Pennsylvania is on its way to officially charging a fee for Marcellus Shale drilling. Gov. Tom Corbett signed House Bill 1950 last Monday, giving shale gas-rich counties in the state the ability to impose a 15-year impact fee on unconventional gas wells; now it’s up to the locals.
Act 13 of 2012 also updates environmental regulations and standardizes local zoning.
“This growing industry will provide new career opportunities that will give our children a reason to stay here in Pennsylvania,” Corbett said. “Thanks to this legislation, this natural resource will safely and fairly fuel our generating plants and heat our homes while creating jobs and powering our state’s economic engine for generations to come.”
Roughly 35 Pennsylvania counties in Marcellus country were given 60 days to pass ordinances opting into the program. If a county chooses not to participate, a majority of the municipalities within that county can vote to overrule the decision and join anyway If all eligible counties adopt the fee, the state estimates that the program would bring in about $180 million this year and revenue would climb to $211 million in 2013 and $264 million in 2014.
Whether the counties will oblige remains to be seen. Although Marcellus development is spread across the state, drilling to date is focused in two small groups of counties: one in the dry gas northeast and another in the wet gas southwest. Of the roughly 4,298 wells drilled into the Pennsylvania Marcellus since the beginning of 2009, more than half are in four counties: Bradford, Tioga, Washington and Lycoming.
With 928 wells drilled in slightly more than three years, Bradford County is by far the most prolific in the state, but its three county commissioners are split on the prudence of enacting a fee, according to reports. If they vote it down, the question would then go to the 14 boroughs, 37 townships and two unincorporated communities in the county.
The act would impose an annual fee of between $40,000 and $60,000 per well, which decreases over 15 years, according to a predetermined schedule (see NGI, Feb. 13) and depending on the average price of natural gas. All wells spud before 2011 would use 2011 prices, and therefore presumably fall into the $50,000 per well bracket for the first year of the program. The fee takes effect when a well is spud, not when it begins productions, and includes exemptions for low-producing wells.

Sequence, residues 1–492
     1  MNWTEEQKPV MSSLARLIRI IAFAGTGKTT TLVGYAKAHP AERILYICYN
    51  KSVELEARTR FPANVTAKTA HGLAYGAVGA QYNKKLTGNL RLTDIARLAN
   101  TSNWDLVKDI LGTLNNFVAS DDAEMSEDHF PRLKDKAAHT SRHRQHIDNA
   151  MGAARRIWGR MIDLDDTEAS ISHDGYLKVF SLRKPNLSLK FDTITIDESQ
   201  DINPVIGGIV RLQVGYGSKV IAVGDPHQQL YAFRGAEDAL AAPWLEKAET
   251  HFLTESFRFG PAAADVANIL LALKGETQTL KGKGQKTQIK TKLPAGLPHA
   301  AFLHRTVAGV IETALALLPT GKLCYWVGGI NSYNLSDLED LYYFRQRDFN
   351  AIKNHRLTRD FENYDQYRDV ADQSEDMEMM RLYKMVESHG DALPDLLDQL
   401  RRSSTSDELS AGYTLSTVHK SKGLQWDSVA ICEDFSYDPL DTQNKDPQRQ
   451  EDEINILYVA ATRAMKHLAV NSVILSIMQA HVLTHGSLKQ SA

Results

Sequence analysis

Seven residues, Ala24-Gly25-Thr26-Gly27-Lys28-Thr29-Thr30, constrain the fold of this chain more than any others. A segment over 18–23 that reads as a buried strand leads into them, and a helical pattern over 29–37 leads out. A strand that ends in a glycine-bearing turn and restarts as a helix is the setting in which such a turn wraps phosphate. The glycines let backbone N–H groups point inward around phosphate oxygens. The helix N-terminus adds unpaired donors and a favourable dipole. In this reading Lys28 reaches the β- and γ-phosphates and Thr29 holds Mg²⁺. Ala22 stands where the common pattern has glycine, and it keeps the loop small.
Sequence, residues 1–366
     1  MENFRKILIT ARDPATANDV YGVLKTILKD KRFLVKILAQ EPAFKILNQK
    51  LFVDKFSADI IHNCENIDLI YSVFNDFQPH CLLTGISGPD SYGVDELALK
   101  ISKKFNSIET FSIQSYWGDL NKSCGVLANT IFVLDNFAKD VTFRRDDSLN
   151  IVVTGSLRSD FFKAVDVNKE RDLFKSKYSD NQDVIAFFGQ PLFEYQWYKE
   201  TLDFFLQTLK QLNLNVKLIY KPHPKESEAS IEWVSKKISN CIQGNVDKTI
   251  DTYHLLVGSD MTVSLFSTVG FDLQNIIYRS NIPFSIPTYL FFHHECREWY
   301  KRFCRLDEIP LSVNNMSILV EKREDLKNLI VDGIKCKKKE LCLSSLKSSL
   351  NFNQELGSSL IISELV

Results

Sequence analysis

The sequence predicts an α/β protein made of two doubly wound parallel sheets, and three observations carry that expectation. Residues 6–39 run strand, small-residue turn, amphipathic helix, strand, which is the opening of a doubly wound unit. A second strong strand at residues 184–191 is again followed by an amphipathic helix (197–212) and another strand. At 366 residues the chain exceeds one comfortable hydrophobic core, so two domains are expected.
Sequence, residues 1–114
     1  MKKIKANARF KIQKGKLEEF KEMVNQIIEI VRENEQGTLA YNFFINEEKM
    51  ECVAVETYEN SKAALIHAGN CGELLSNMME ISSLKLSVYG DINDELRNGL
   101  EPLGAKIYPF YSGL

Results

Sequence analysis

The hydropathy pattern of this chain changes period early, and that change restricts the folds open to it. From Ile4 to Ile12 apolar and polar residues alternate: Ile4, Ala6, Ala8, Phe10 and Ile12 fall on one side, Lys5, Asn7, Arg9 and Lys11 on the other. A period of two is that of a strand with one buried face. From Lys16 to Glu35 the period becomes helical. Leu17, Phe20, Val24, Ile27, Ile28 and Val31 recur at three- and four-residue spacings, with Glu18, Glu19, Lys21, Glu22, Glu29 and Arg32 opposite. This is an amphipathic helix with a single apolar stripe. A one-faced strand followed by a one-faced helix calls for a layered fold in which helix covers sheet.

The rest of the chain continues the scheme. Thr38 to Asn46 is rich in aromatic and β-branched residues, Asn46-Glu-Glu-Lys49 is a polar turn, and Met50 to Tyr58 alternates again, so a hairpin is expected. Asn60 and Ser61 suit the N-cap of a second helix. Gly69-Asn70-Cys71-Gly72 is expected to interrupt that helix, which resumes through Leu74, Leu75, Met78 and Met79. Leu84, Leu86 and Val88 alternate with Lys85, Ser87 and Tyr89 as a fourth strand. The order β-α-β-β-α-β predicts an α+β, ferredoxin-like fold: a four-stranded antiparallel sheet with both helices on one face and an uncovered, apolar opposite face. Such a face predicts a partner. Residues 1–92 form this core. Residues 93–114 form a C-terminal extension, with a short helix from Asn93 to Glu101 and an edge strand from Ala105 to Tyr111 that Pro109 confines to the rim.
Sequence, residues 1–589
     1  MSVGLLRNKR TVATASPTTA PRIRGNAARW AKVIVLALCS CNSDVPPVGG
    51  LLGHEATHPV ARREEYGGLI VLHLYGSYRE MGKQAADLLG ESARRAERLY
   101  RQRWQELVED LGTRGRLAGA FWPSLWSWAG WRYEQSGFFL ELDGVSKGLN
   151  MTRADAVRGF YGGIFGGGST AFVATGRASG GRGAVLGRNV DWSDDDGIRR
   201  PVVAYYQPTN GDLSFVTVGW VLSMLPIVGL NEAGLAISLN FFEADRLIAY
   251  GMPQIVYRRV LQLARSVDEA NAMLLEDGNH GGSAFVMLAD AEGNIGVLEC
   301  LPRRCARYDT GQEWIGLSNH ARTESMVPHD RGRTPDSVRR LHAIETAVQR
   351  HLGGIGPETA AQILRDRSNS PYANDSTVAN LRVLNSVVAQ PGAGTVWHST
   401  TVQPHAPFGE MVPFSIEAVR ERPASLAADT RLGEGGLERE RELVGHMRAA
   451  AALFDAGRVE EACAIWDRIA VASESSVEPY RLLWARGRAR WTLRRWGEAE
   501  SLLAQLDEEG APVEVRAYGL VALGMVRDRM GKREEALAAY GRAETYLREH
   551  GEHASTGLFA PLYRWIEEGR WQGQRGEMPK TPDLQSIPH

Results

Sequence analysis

With the counties keeping 60% of the revenue collected, Bradford and its municipalities could be walking away from tens of millions of dollars this year alone. The local revenue is split among municipalities that host drilling (37%), counties that host drilling (36%) and municipalities that don’t host drilling in counties that do (27%).
In Washington County, though, officials seem more amendable to the fee. “We are going to impose it, probably at our next meeting,” Larry Maggi, chairman of the Washington County Board of Commissioners recently told the Associated Press. With 458 wells, Washington is the third most active county in the Pennsylvania Marcellus. In up and coming Butler County, commissioners approved the impact fee two days after Corbett signed the bill.
Because 40% of the revenue would be going to statewide environmental, emergency and economic programs, the decision of the counties will impact the budgets of the Pennsylvania Public Utility Commission (PUC), the Pennsylvania Department of Environmental Protection (DEP), the Pennsylvania Fish and Boat Commission and the State Fire Commissioner. According to Corbett, though, much of that revenue is designed to trickle down to counties.
The PUC will administer the fee, one of the two additional jobs it assumed this year. The agency is becoming the “state agent” for the U.S. Pipeline and Hazardous Material Safety Administration, giving it oversight of nonutility gathering lines.
In addition to the fee, the law updates the state Oil and Gas Act in a comprehensive way for the first time since 1984, increasing setbacks from waterways, expanding operator liability, increasing bonding and reporting and giving the DEP additional authority to revoke permits. The law also creates a Natural Gas Energy Development Program to provide incentives for converting heavy-duty vehicle fleets to run on natural gas, particularly for mass transit agencies.
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